- Just 31 companies adopted new deforestation policies or strengthened existing policies in the past year, though two titans of their respective industries, McDonalds and Bunge, did commit to zero net deforestation across all of their commodities supply chains.
- Just 1 percent of the financial institutions among the Global Canopy Programme’s “Forest 500” have pledged to eliminate deforestation from their lending portfolios.
- Financial institutions and governments play a vital role in creating the right market conditions to drive a transition away from commodities that put forests at risk.
There have been a lot of high-profile pledges to halt deforestation from both the public and private sector lately, but new research shows just how far we still are from global consensus around efforts to keep forests standing once and for all.
It’s now been over a year since the New York Declaration on Forests was signed by leaders from a number of governments, indigenous communities, multinational corporations and civil society groups who agreed to cut natural forest loss in half by 2020. That’s also the year that the 400 companies that comprise the Consumer Goods Forum pledged to achieve net zero deforestation.
Yet, despite the quickly approaching 2020 deadline, very few key players have made new commitments or strengthened existing policies to keep deforestation for commodities like soy, palm oil, beef, leather, timber and pulp and paper out of their supply chains, according to the latest Forest 500 report from UK-based think tank Global Canopy Programme (GCP).
The Forest 500 is an index created by GCP that includes many of the most influential global entities that play a role in driving deforestation around the world, from companies with links to forest destruction in their supply chains to the financial institutions that do business with them and the governing bodies of critical forest jurisdictions.
In other words, they are the crucial link between consumers the world over and the destruction of what’s left of Earth’s natural forests.
“Together, these 500 powerbrokers control the complex supply chains of key ‘forest risk commodities’ that are found in over 50% of packaged products in supermarkets,” Andrew Mitchell, founder and executive director of GCP, said in a statement. “Through these commodities, we are all part of a hidden deforestation economy – from our toothpaste, to our pensions.”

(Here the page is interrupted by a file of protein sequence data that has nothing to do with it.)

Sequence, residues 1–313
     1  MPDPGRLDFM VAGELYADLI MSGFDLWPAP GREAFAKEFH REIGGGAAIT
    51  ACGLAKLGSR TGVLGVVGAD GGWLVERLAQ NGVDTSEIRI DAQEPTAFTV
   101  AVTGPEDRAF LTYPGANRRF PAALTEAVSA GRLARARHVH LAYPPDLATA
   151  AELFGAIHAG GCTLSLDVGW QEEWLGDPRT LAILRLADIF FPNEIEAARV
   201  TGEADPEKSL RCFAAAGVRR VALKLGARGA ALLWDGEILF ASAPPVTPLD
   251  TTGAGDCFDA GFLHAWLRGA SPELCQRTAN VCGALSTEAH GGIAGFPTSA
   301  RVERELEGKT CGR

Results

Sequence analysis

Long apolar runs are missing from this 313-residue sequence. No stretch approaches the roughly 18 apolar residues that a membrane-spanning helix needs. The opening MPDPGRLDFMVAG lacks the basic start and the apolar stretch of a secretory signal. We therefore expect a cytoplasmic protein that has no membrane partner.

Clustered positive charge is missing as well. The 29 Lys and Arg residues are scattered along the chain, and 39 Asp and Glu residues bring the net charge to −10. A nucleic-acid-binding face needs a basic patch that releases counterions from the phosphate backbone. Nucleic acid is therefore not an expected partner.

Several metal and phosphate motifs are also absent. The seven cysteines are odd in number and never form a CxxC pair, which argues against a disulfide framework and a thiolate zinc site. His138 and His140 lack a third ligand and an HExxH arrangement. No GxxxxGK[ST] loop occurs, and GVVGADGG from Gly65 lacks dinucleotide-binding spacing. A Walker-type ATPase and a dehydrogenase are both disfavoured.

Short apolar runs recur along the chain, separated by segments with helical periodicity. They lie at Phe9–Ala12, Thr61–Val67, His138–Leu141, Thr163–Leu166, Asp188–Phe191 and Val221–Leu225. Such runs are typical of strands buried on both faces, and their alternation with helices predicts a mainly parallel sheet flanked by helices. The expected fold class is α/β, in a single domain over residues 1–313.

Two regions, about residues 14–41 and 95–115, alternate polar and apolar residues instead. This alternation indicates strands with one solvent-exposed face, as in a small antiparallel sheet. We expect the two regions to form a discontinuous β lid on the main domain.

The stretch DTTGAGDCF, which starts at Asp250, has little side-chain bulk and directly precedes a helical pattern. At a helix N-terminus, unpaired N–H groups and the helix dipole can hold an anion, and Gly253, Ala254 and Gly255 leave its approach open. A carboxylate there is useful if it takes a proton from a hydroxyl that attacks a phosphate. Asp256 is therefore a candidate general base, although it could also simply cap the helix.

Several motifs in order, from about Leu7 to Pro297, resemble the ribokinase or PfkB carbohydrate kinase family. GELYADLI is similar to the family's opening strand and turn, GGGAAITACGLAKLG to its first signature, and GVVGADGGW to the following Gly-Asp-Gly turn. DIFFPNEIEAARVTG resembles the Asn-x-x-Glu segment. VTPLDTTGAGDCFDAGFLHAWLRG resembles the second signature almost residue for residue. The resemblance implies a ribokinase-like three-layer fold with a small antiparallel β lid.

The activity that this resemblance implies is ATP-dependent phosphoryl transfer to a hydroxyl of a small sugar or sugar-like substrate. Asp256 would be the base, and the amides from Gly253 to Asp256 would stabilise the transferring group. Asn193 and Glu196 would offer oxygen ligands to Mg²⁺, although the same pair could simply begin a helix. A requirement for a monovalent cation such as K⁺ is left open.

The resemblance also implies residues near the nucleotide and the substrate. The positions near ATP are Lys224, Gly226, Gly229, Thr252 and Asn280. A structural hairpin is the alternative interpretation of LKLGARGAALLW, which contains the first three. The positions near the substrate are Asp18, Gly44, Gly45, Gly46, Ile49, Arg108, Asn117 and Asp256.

The corporate sector made marginal improvements since GCP issued its 2014 analysis, per the new report. Just 31 companies improved their ranking, though two titans of their respective industries, McDonalds and Bunge, did commit to zero net deforestation across all of their commodities supply chains.
Many companies have yet to make any public commitments to eliminate forest risk commodities from their business operations, however. A mere 8 percent of the 250 companies included in the Forest 500 have adopted zero deforestation or zero net deforestation commitments (“zero net” deforestation strategies allow for some logging, as long as it’s sustainably done and balanced with rehabilitation of previously cut forests) that apply to all of their commodity supply chains, the report says, while 12 percent of companies have no policies whatsoever.
An earlier analysis by researchers at GCP found that corporate commitments to eliminate deforestation in their supply chains aren’t the solution in and of themselves, and that financial institutions and governments play a vital role in creating the right market conditions to drive a transition away from commodities that put forests at risk.
BNP Paribas became the first Forest 500 investor to make a zero net deforestation commitment in its agricultural lending portfolio, joining HSBC at the top of the ranks. Less than 1 percent of investors have adopted deforestation policies applicable to all of the supply chains in their entire investment portfolios, the GCP found.
None of the Forest 500 jurisdictions made significant improvements to forest policies at either the national or state-level in the past year.
Signatories to the New York Declaration on Forests, unsurprisingly, scored three times higher than non-signatories in the Forest 500 rankings.
Tom Bregman, project manager of the Forest 500, said in a statement that he hopes that the findings of his team’s 2015 analysis will prove a valuable tool not only to call out the bad actors who have yet to recognize their role in stopping deforestation, but to help leaders like the signatories to the New York Declaration in demonstrating the incentives to change.
“In the coming months, the Forest 500 is going to be working with others, together we hope to create a race to the top,” he said.